Online Children's Magazine from India
One day, Goddess Parvathi, the wife of Lord Shiva, was getting ready for her bath and needed someone to guard her chamber. Therefore she made a beautiful, young boy from the sandalwood from her body. She gave him life by sprinkling the Holy Ganges water on him and entrusted him with guarding the door.
While she was away, Lord Shiva returned and was surprised to find a little boy standing at the entrance to his wife's chamber. When he tried to enter, the boy blocked his path. "Who are you and why are you blocking my path?" demanded Lord Shiva. "No one enters my mother's chamber", declared the boy boldly. Taken aback, Lord Shiva replied, "Step away; I have the right to enter my wife's chamber." But the young and courageous boy did not move but stood his ground. Not knowing that this was his own son, Lord Shiva who was quick to anger grew enraged. Not used to be disobeyed he cut off the boy's head.
Goddess Parvathi on returning from her bath saw her son lying dead and was overcome with grief. She was filled with both anger and sorrow. Seeing this Lord Shiva sent his soldiers to fetch the head of the first beast that they saw. The men rushed and finally came upon an elephant. They immediately took the head to Lord Shiva, who quickly attached it onto the body of the slain boy and gave him life once again.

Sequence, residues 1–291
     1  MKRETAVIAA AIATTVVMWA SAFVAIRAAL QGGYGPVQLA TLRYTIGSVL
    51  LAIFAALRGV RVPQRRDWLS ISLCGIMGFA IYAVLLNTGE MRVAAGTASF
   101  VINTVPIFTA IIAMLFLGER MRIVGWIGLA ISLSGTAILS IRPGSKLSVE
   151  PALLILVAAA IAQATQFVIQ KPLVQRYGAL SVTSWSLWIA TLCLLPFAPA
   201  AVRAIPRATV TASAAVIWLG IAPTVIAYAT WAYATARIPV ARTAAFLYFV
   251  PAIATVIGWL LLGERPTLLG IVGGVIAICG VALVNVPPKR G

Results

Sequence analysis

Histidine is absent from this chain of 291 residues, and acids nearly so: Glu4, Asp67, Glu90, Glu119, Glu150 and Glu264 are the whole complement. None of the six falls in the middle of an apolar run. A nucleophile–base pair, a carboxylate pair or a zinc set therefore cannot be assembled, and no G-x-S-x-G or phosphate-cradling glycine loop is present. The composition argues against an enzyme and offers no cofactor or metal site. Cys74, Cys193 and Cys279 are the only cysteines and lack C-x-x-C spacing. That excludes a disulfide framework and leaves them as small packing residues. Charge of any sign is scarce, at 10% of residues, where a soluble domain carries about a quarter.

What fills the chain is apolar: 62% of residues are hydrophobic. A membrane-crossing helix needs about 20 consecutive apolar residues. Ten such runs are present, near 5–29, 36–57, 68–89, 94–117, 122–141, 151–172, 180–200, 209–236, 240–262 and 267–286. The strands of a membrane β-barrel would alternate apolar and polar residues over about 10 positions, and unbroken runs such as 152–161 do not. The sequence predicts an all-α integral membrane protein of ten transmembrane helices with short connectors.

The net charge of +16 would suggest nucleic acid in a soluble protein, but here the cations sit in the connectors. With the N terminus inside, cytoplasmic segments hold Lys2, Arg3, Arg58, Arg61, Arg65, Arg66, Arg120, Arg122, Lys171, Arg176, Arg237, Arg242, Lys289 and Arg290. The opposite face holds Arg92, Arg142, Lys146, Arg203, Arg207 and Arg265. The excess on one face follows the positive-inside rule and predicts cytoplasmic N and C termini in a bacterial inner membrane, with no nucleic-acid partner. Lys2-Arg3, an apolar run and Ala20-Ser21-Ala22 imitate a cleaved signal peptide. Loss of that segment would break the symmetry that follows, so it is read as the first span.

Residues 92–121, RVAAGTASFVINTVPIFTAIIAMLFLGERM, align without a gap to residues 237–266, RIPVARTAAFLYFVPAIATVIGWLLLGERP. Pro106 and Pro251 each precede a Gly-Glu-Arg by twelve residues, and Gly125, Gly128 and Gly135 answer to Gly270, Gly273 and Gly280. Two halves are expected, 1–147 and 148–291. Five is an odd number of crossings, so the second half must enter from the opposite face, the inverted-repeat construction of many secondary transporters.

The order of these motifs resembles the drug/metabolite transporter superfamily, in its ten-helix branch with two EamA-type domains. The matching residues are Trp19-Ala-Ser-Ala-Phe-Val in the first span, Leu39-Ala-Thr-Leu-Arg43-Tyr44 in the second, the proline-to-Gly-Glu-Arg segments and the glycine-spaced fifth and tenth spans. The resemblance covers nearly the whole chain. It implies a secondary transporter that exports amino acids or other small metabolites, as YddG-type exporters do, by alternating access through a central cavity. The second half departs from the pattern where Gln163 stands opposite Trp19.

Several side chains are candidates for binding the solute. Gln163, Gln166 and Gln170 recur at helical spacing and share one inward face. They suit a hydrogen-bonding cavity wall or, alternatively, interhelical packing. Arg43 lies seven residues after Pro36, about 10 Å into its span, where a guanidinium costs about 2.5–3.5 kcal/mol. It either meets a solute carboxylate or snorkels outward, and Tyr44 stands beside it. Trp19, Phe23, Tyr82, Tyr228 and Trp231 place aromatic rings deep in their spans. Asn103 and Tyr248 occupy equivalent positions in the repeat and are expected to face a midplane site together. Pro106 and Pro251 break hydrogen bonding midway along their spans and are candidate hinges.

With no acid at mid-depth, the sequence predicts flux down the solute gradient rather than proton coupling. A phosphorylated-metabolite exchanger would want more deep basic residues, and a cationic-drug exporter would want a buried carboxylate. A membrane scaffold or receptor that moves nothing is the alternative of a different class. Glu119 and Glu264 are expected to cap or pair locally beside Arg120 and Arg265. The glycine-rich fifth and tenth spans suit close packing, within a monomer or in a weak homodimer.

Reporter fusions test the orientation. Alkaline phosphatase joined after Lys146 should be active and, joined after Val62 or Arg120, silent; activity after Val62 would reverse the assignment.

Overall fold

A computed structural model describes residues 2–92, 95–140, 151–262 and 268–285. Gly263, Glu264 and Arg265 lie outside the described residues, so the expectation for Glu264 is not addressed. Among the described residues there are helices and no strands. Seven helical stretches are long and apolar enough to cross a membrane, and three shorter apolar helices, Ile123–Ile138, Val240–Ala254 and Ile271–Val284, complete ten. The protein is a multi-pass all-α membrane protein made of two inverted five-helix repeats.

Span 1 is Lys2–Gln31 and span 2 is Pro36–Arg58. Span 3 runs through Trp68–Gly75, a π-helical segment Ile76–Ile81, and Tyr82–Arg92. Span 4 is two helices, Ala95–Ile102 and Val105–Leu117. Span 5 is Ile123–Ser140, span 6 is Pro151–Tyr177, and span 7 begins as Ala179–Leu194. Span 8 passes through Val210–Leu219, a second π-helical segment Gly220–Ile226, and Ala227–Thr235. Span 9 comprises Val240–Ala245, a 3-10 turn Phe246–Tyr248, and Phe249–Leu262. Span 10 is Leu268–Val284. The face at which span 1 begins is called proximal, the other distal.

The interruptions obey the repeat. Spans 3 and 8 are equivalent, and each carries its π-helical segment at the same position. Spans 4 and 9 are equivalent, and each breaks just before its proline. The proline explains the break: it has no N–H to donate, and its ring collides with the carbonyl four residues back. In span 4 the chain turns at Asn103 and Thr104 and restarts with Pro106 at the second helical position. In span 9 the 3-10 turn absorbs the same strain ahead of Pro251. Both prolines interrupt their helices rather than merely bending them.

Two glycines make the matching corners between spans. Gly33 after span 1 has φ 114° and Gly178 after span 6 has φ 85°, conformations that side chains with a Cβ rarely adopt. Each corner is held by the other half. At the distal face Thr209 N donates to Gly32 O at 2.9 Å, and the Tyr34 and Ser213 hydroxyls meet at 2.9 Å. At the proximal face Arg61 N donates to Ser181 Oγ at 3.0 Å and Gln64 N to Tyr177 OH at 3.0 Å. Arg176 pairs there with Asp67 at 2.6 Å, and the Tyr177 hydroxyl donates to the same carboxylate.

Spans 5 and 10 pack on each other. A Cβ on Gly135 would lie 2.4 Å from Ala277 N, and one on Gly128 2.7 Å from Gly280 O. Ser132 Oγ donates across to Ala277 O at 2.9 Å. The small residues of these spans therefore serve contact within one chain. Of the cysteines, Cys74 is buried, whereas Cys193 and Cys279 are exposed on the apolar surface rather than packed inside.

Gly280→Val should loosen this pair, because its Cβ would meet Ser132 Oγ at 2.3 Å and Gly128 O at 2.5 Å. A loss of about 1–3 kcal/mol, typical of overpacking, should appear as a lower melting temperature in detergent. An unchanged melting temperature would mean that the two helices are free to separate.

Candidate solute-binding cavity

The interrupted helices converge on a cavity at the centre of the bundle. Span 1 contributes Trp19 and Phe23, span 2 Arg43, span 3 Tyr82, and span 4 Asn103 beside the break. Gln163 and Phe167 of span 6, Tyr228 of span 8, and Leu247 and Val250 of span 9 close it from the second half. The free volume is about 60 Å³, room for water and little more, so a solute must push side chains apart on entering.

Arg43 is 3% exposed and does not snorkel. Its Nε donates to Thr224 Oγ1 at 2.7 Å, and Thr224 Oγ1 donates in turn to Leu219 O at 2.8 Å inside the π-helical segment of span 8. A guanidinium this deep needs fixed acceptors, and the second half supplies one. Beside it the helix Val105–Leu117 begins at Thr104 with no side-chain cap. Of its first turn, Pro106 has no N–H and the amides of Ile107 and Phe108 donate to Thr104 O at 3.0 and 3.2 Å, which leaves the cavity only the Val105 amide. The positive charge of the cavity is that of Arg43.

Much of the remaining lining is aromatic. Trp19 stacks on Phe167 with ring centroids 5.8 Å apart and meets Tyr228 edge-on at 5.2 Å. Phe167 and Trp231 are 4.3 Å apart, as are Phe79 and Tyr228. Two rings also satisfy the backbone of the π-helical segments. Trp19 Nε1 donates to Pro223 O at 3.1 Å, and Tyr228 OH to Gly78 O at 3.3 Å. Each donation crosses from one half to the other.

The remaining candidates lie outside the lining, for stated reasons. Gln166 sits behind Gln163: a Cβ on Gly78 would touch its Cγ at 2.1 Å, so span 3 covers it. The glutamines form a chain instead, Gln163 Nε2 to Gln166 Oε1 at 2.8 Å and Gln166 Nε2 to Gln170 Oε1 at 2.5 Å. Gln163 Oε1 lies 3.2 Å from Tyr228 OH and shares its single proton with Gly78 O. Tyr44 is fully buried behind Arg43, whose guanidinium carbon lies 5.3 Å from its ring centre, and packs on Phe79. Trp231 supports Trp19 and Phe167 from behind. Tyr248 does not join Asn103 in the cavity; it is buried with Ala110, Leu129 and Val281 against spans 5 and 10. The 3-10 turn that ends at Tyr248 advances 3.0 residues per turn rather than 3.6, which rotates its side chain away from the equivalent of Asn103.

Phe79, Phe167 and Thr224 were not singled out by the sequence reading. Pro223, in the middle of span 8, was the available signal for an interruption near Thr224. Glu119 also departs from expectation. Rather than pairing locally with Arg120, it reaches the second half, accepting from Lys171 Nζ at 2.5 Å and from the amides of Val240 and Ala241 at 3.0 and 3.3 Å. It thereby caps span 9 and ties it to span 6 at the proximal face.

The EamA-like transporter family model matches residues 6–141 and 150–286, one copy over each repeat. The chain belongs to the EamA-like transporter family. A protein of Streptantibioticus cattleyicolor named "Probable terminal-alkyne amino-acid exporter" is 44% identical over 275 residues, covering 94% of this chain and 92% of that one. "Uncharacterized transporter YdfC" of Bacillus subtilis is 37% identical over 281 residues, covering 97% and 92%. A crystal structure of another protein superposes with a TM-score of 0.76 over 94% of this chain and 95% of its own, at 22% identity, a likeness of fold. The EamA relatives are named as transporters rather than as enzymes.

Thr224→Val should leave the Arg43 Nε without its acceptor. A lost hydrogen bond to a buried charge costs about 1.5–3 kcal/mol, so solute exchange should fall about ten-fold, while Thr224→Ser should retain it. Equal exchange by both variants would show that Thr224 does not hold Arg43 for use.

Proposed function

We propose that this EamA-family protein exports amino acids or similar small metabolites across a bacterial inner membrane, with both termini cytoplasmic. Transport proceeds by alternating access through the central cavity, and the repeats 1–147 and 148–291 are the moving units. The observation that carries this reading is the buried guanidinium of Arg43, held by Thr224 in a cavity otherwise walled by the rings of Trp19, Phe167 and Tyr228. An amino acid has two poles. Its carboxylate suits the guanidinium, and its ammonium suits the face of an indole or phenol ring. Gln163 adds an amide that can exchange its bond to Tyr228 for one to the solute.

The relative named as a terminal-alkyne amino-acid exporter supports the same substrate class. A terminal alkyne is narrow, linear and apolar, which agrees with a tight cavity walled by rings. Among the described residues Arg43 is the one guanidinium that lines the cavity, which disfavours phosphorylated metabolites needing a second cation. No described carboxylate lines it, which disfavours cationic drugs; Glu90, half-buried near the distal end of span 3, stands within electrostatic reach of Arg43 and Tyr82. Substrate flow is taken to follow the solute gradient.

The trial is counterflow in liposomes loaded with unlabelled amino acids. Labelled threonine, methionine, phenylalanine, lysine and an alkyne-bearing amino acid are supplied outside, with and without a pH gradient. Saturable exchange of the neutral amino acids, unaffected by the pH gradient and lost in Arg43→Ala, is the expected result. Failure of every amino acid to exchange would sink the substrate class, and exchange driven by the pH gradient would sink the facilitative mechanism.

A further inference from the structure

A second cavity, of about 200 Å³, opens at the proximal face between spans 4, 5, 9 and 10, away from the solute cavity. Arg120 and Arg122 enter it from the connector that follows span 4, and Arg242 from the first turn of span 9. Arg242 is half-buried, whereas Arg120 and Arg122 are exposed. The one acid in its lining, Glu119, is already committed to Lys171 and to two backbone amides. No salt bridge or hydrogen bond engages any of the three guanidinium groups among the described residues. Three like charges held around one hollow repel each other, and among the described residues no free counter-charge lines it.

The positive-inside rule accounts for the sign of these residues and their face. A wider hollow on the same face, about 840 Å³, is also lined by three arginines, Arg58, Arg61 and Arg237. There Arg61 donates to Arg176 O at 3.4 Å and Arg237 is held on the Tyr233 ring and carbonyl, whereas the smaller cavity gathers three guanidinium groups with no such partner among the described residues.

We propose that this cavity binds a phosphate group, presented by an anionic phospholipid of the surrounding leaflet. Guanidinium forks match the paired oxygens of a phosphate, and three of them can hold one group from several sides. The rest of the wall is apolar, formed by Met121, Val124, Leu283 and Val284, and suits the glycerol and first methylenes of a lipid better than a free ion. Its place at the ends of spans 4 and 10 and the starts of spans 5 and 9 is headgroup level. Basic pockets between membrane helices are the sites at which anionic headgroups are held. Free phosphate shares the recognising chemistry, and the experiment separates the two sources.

To further appease his grief-stricken wife he promised that her son would be worshipped first, before all other Gods.
Even today at the entrance of all temples one would find the idol of the elephant-headed God, Lord Ganesha.
- Retold by Nandhini Aiyer
Dimdima is the Sanskrit word for ‘drumbeat’. In olden days, victory in battle was heralded by the beat of drums or any important news to be conveyed to the people used to be accompanied with drumbeats.
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Dimdima.com, the Children's Website of Bharatiya Vidya Bhavan launched in 2000 and came out with a Printed version of Dimdima Magazine in 2004. At present the Printed Version have more than 35,000 subscribers from India and Abroad.